Researchers, developers, and engineers gathered at Facebook’s Menlo Park campus last week for the first of two PyTorch Summer Hackathons. Following the release of PyTorch 1.2, participants formed teams and spent two days building machine learning (ML) projects with some of the latest features available in the open source ML framework, including revamped domain libraries and improved ease of shipping production models.
In this post, we highlight some of the winning projects from the Summer Hackathon at Menlo Park, and share details on how you can participate in the online Global Summer Hackathon, which is now open for submissions.
With PyTorch 1.0, we introduced TorchScript to provide a seamless path from research prototyping in eager execution mode to production deployment in graph mode. TorchScript works by compiling or tracing Python code to a Python-free, statically typed graph representation that can be optimized and executed in production environments.
PyTorch 1.2 brings a more polished TorchScript environment that streamlines the exporting of models containing control flow, making it easier to transition code for production deployment. Here’s an example of the new torch.jit.script() function/decorator.
import torch class MyModule(torch.nn.Module): def __init__(self, N, M): super(MyModule, self).__init__() self.weight = torch.nn.Parameter(torch.rand(N, M)) def forward(self, input): if input.sum() > 0: output = self.weight.mv(input) else: output = self.weight + input return output # Compile the model code to a static representation my_script_module = torch.jit.script(MyModule(3, 4)) # Save the compiled code and model data so it can be loaded in C++ my_script_module.save("my_script_module.pt")
Alongside these improvements, we released new versions of the domain libraries for computer vision, natural language processing, and speech/audio. The torchvision, torchtext, and torchaudio libraries provide convenient access to common data sets, transformations, and state-of-the-art models, allowing researchers and engineers to speed up development within these domains.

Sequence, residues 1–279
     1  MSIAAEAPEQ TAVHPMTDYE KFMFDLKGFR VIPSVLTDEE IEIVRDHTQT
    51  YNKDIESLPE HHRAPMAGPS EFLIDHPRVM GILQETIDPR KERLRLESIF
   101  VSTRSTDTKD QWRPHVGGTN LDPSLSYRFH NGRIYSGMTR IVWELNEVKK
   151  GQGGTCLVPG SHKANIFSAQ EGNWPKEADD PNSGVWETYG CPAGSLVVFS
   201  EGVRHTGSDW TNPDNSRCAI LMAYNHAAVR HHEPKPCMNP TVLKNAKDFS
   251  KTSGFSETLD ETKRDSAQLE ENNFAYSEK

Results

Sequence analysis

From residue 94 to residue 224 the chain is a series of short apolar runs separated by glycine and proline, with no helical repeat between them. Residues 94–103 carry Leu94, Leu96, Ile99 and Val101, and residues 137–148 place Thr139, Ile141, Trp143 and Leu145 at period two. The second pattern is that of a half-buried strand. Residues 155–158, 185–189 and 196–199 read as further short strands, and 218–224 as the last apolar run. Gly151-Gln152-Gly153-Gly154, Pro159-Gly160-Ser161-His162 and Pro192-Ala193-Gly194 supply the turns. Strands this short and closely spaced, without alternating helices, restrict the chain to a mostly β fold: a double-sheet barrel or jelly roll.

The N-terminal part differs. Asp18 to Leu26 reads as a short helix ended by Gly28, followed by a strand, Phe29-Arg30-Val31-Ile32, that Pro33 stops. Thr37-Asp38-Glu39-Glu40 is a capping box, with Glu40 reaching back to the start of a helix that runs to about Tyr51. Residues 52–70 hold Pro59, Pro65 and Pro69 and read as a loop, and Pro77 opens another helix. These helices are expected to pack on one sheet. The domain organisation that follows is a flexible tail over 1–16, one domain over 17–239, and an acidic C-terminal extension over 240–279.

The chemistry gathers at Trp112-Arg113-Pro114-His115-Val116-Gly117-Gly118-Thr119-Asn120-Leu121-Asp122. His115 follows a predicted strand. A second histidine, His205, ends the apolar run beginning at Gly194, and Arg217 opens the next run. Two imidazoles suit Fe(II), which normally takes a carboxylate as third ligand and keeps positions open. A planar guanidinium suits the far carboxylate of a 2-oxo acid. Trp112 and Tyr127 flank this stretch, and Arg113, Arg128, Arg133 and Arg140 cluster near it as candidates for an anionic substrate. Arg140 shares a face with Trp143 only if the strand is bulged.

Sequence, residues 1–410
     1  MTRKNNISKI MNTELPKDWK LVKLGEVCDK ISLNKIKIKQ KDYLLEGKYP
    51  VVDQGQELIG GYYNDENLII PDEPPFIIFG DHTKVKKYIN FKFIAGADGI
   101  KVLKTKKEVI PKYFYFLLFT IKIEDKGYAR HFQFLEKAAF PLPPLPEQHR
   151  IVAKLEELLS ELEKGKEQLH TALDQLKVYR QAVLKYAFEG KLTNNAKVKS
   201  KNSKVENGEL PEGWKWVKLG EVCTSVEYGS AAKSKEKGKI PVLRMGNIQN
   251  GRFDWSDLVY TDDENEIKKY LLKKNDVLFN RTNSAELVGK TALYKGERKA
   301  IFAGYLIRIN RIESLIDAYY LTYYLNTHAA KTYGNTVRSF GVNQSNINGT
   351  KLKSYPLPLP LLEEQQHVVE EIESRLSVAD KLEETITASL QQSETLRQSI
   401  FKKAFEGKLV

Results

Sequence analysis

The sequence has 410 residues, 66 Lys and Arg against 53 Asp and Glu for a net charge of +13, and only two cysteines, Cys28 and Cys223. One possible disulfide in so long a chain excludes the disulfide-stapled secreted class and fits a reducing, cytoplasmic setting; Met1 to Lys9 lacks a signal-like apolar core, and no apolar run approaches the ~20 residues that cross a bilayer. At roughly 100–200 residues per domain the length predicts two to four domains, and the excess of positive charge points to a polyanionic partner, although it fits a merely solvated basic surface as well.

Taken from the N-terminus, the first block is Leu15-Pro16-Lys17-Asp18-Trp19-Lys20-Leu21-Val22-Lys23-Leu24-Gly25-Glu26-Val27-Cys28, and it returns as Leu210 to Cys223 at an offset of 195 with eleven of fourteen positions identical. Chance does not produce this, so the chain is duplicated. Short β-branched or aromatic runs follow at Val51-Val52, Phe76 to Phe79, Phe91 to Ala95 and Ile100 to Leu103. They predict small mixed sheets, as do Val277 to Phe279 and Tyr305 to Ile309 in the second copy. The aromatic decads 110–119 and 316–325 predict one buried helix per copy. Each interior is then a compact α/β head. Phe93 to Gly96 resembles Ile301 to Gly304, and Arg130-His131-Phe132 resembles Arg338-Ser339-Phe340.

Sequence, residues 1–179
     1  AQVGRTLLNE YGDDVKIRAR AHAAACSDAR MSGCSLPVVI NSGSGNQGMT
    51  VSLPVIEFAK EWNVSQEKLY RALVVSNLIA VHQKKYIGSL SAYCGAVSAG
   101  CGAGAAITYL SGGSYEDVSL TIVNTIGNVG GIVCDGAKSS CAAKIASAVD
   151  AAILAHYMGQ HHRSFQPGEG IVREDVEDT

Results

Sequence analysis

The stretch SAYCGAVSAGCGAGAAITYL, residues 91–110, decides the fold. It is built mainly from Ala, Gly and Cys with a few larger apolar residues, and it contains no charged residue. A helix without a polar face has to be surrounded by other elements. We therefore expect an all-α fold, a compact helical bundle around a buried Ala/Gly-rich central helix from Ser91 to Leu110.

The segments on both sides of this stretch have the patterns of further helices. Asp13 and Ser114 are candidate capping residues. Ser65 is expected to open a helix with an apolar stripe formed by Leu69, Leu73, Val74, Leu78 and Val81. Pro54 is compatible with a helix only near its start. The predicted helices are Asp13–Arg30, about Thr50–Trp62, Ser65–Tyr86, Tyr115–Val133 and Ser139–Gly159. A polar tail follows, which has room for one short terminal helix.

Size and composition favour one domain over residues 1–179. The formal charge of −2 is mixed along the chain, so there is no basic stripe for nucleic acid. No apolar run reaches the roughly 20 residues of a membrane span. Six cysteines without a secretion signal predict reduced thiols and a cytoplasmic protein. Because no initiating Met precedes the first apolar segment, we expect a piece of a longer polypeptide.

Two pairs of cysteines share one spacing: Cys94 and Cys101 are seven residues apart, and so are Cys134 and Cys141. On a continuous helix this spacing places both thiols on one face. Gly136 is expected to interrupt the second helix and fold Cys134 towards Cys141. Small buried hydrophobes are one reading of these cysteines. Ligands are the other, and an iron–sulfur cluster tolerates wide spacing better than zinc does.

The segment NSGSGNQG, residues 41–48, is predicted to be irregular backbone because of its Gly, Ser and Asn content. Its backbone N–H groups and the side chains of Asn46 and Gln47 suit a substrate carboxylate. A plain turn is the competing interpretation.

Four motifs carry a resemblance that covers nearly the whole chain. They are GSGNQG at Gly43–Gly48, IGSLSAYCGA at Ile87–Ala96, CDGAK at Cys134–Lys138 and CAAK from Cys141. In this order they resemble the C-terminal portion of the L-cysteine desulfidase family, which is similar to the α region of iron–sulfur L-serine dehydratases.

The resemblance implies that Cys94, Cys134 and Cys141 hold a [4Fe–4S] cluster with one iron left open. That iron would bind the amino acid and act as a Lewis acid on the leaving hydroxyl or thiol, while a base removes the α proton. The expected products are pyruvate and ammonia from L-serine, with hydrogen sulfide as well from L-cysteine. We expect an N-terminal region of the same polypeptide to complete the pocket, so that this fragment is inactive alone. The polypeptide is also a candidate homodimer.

Researchers and developers from the PyTorch community joined the two-day PyTorch Summer Hackathon at Menlo Park to build applications and models designed to make a positive impact on people and businesses.
We would like to thank all the participants who joined the hackathon both locally and from around the world to work on ideas that tackled areas from astrophysics to education. It was really exciting to see the variety of innovative ideas and the speed of development. Here are a few of the winning projects:
Learn2learn is a PyTorch library designed to make meta-learning more accessible to ML developers. It includes implementations of MAML and Meta-SGD, as well as a Task Generator for easily creating a distribution to learn from.
HelloWorldNet applies PyTorch to improve the speed and reliability of detecting extrasolar planets. It extends Exonet and Astronet and provides dataloaders for sources such as Kepler, TESS, and K2.
MineTorch is a programming platform for children to learn about and integrate deep learning models into their projects. It provides a drag-and-drop user interface that generates Python code.
Following the two-day hackathon in Menlo Park, we are announcing our Global Summer Hackathon — an online hackathon that makes it easy for developers around the world to participate. The focus of this hackathon is on using PyTorch to build creative, well-implemented solutions that can create a positive impact on businesses and people. The solution could be an ML model, an application, or a creative project (such as art or music).
Participants can submit their projects between now and September 16 for consideration in over $60,000 in cash prizes and the opportunity to attend and share their projects at the PyTorch Developer Conference on October 10, 2019.
Join the online Global Summer Hackathon and get started here.
Product Manager, Facebook AI
Software Engineer, Facebook AI Research